If you thought your morning commute was busier than normal last month, then you may have had a point.
Newly released figures from TfL reveal that the London Underground had its busiest-ever day and busiest-ever week in October, with 4.735m people using it on 9 October, and 28.614m taking the tube in the final week of the month. While the Rugby World Cup would have had an impact, TfL apparently expects new records to be set before the end of the year.
Mind you, that figure would undoubtedly have been higher had all the people who wanted to use it been able to do so: another recent survey revealed a "list of shame" of tube station "black spots" where queues for ticket machines - often the only place to buy tickets after the closure of ticket offices - are now up to an hour long. At stations such as Victoria, staff are quoted as saying, "There are dreadful and dangerous bottlenecks of passengers".
Meanwhile, an incident at Stratford station on 28 October - slap bang in the middle of that record-breaking week - saw the station experience "mayhem" after a stabbing incident during rush hour led to "total chaos" and reports of crushing as staff struggled to deal with an incident in a packed station. One onlooker said ""Nobody seemed to be trying to control the situation or realised how overcrowded it was."
Stations closing during morning and evening rush hours is now commonplace - the likes of Oxford Circus and Holborn are regularly shut due to overcrowding, while, over the past 12 months, Brixton, booming in population but still hindered by the fact there aren't any more tube stations south of it, has become an overcrowded bottleneck for seemingly the whole of South London.
Nonetheless, Steve Griffiths, LU's Chief Operating Officer, told The Evening Standard: "Customer satisfaction is at an all-time high."
It is simply impossible to believe that this is true.
I abandoned the tube and bought a bike three months ago, having finally reached breaking point with it. There are a thousand Twitter complaints every morning from commuters frustrated about signal failures and delays, but that wasn't what did it for me. What was actually scarier is that the service was crazily overcrowded when things were working fine.
When I moved to my house on the east of the Central Line two years ago, you were able to nab a seat most days of the week. Now, you're lucky to even get on the third or fourth train that goes through the station, packed to bursting point with miserable commuters pressed up against the doors. And yet there is a train literally every single minute. There's no way of moving any more people any more quickly - and the staff were constantly trying their best to move things along as best they could.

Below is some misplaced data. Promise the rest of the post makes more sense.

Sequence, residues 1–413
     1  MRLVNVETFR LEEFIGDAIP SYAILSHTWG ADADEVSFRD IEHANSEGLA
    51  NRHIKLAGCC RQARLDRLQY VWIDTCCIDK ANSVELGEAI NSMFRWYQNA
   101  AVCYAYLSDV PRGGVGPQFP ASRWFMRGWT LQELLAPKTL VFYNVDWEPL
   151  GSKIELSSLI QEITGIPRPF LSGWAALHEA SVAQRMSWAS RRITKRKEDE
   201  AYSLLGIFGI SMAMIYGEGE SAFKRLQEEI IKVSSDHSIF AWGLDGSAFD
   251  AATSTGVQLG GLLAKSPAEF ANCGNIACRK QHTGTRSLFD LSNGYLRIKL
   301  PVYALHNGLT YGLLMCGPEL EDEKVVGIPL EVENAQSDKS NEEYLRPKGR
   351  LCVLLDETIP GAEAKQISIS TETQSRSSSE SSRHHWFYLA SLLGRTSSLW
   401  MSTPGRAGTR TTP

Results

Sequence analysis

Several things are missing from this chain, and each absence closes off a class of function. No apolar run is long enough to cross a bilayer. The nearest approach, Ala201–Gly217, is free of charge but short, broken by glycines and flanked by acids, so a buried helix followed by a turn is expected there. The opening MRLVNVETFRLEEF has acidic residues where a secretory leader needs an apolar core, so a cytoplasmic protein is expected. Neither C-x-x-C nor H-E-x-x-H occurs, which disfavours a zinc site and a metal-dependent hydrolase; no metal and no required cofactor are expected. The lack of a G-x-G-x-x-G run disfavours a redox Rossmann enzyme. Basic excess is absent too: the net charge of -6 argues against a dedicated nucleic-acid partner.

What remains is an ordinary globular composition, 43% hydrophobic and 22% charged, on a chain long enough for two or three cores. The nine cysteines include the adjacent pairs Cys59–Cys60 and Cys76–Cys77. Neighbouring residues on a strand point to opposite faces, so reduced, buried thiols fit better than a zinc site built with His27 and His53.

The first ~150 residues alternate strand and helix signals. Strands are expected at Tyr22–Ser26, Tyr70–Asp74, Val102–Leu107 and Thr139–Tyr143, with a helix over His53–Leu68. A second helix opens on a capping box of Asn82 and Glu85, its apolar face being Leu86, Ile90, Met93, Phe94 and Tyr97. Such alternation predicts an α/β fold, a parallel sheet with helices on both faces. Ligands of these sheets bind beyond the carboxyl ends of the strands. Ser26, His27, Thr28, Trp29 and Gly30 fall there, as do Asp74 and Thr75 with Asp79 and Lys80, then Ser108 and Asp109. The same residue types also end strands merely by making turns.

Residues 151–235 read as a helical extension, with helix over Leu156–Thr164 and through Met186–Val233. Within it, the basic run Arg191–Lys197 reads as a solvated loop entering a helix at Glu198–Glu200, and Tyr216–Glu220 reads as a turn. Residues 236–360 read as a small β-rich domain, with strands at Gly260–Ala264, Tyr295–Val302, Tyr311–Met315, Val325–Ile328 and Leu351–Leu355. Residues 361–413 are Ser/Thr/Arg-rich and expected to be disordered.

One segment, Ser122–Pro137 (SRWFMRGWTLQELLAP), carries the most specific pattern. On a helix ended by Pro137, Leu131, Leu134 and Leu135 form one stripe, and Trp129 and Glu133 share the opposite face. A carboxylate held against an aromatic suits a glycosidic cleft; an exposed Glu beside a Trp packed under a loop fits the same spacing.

When there was a delay - any delay, which is bound to happen occasionally on any service - it turned into mayhem; queues ten deep at the platform within minutes, and people on the edge of platforms at the mercy of the crowd building up behind them. I'm still staggered I never saw someone nudged over onto the rails by accident.
For stations such as Stratford, Victoria, Bank and Brixton, insane levels of overcrowding are now the norm: in eleven years of using the tube regularly, I've never known it as bad as it is now.
But what can be done?
Naturally, the government, like everything else, has decided that cuts are the solution. This week the Transport Department's budget was cut by 30% and it was announced that the London Underground was facing the loss of £700m a year of state subsidy to its operating budget by the turn of the decade. Admittedly, there are £1bn of upgrade projects pencilled in before 2020 but incidents such as those at Stratford highlight the importance of more 'boots on the ground' which would come from the operating budget. And that just isn't going to happen.
And of course, there's the night tube. It's a nice idea, but - let's face it, it shouldn't be a priority over simply getting the existing network to work.
Even if there were a massive extra program of investment, the sheer speed at which I've seen overcrowding increase over the last few years suggests that wouldn't be enough. And with London only growing in population size, with seemingly no coherent government policy to stop the 'brain drain' to London - and more people filling up the outer reaches of the tube lines, who do not have the option to cycle due to distance - it's simply going to get worse.
God forbid it happens, but sooner or later there's going to be a fatal crush, or a fire disaster that claims hundreds of lives - and I, for one, won't be able to say I didn't see it coming.